An exciting video of Steph Davis and Mario Richard BASE jumping and then climbing a Steve Hong and Steve Carruthers' route, Glad To Be A Trad (5.13a, 50m), in Canyonlands National Park, Utah. According to Desert Rock: Rock Climbing in the National Parks, written by Eric Bjornstad, the line climbs a right-facing dihedral to a thin crack on the upper face of the canyon wall.
Aerial footage of Dawn Glanc and Tim Emmett climbing in Iceland's West Fjord gives us a new perspective on big ice routes. The wide-angle lens of the hovering aircraft shows the full context of the climb—the coast, turf houses, treeless landscape and snow-covered roads—not just the up-and-down views of typical climbing films. Within this setting, the two climbers look almost insignificant.
A combination of bulletproof, dinner-plating ice and poor technique give two climbers an exciting day at Coire an t-Sneachda in the Scottish Cairngorms. After taking two falls, they still finished the climb.
Daniele Nardi (Italy) and Elisabeth Revol (France) are attempting the first winter ascent of Nanga Parbat (8125m) in Gilgit-Baltistan, Pakistan. They have been capturing video footage in the midst of their cold and windy attempt, giving us a good impression of what it's like up there this time of year.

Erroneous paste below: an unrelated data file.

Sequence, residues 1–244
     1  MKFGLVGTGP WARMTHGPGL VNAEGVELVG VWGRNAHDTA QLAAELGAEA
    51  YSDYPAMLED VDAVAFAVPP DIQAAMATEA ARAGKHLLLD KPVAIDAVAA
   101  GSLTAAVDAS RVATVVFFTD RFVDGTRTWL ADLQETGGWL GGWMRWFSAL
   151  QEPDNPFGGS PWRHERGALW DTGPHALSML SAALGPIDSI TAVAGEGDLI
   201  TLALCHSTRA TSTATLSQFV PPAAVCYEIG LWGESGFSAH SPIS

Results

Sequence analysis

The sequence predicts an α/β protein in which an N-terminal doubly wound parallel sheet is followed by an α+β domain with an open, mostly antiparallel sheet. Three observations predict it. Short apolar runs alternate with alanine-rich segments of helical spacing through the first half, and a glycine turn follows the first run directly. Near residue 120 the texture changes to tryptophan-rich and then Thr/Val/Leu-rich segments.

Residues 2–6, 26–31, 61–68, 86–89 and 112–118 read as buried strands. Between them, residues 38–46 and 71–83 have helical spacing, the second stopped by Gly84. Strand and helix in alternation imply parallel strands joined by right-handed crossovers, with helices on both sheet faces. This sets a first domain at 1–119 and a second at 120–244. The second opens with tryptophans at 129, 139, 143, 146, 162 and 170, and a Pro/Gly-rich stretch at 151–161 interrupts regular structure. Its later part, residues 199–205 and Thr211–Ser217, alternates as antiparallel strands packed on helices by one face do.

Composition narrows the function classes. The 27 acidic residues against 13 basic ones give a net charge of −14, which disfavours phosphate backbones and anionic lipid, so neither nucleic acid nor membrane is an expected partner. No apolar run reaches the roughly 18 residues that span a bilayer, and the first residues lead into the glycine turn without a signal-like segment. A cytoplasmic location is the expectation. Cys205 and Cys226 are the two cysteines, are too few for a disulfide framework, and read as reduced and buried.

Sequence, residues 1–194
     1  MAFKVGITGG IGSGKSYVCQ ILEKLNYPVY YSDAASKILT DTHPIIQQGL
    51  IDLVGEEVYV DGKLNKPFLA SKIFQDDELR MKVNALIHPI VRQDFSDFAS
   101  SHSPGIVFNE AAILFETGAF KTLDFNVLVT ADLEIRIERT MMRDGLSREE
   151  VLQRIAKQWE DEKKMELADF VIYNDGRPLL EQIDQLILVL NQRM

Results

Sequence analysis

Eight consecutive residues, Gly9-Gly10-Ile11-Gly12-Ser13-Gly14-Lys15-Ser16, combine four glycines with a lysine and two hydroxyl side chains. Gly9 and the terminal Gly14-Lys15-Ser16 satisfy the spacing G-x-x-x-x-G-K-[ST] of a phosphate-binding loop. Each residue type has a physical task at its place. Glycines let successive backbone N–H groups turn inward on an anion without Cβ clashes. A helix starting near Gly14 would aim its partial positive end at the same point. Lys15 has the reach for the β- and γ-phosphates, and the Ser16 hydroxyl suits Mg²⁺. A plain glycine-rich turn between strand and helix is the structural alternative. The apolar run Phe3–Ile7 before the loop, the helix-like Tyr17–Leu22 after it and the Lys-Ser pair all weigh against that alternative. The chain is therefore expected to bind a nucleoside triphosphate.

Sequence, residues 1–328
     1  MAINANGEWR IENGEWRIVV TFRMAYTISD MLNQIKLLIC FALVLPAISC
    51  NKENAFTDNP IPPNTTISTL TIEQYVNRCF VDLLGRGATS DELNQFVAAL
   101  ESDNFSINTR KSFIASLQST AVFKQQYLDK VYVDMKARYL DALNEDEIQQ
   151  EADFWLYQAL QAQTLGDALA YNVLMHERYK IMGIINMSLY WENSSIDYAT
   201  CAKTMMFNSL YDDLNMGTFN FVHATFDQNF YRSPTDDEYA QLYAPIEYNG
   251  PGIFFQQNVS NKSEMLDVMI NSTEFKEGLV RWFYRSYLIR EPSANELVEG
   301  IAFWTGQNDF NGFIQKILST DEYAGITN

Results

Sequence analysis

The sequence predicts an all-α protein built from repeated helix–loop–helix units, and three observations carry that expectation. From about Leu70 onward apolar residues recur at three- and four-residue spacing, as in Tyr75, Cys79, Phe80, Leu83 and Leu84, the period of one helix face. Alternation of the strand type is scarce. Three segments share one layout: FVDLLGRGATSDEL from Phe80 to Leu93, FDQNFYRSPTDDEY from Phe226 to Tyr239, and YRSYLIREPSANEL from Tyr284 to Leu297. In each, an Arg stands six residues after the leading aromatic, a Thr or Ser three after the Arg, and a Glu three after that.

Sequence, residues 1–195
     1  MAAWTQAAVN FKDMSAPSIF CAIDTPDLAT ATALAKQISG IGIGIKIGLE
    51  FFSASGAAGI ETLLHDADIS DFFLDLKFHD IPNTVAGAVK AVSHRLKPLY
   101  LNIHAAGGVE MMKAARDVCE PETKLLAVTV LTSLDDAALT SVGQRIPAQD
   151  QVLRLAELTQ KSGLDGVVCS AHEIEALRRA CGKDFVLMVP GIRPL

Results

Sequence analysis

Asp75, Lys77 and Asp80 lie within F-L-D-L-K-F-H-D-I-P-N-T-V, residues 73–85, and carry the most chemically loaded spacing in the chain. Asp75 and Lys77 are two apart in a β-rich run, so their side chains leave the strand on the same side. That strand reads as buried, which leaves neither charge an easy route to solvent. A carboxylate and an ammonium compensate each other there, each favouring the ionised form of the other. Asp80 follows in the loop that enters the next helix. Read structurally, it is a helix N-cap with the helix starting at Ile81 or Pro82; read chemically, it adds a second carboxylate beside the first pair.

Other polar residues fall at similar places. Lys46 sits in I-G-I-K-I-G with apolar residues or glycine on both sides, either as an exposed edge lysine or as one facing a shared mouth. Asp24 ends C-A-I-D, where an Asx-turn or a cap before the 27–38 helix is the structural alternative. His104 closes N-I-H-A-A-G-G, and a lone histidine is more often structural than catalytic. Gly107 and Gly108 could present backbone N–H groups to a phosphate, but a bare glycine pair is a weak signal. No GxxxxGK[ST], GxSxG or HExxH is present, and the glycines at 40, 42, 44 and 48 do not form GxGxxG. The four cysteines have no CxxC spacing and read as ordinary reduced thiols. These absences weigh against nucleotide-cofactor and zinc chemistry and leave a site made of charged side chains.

In 1971, a 19-year-old John Bouchard, climbed the 400-foot Black Dike up Cannon Cliff, solo, despite having a stuck rope, one mitten and a broken pick. In his time, a WI4+ was unheard of, and only four years earlier, the hardest "stepless ascent" was Mount Washington's Pinnacle Gully at WI3+.
"Chasing the Unknown," Episode 9 of the Regulators, takes you from the start of the ice season this year in October as my partners and I started hitting the hills in search of ice. It seems like every year we start searching earlier, yet we still expect to find ice somewhere.
In July 2012, Tom Livingstone and Tom Ripley made a two day ascent of the Cassin Ridge on the South Face of Denali.
Marion Poitevin and Philippe Batoux climb the Cornuau-Davaille route on the north face of Les Droites.
I'd just completed the hardest climb of my life, one of the longest in the history of the range. Laid out at our feet, the spires and seracs emerged in stark shapes of light and dark. I sat down, and the view below disappeared. Glaciers, ridges, cracks and even summits— none of them were what I traveled to Patagonia to find. I came here to begin to lead my life intentionally, not to drift anymore, but to choose my own path. Now, I was starting to see the way. — Cheyne Lemp, Alpinist 39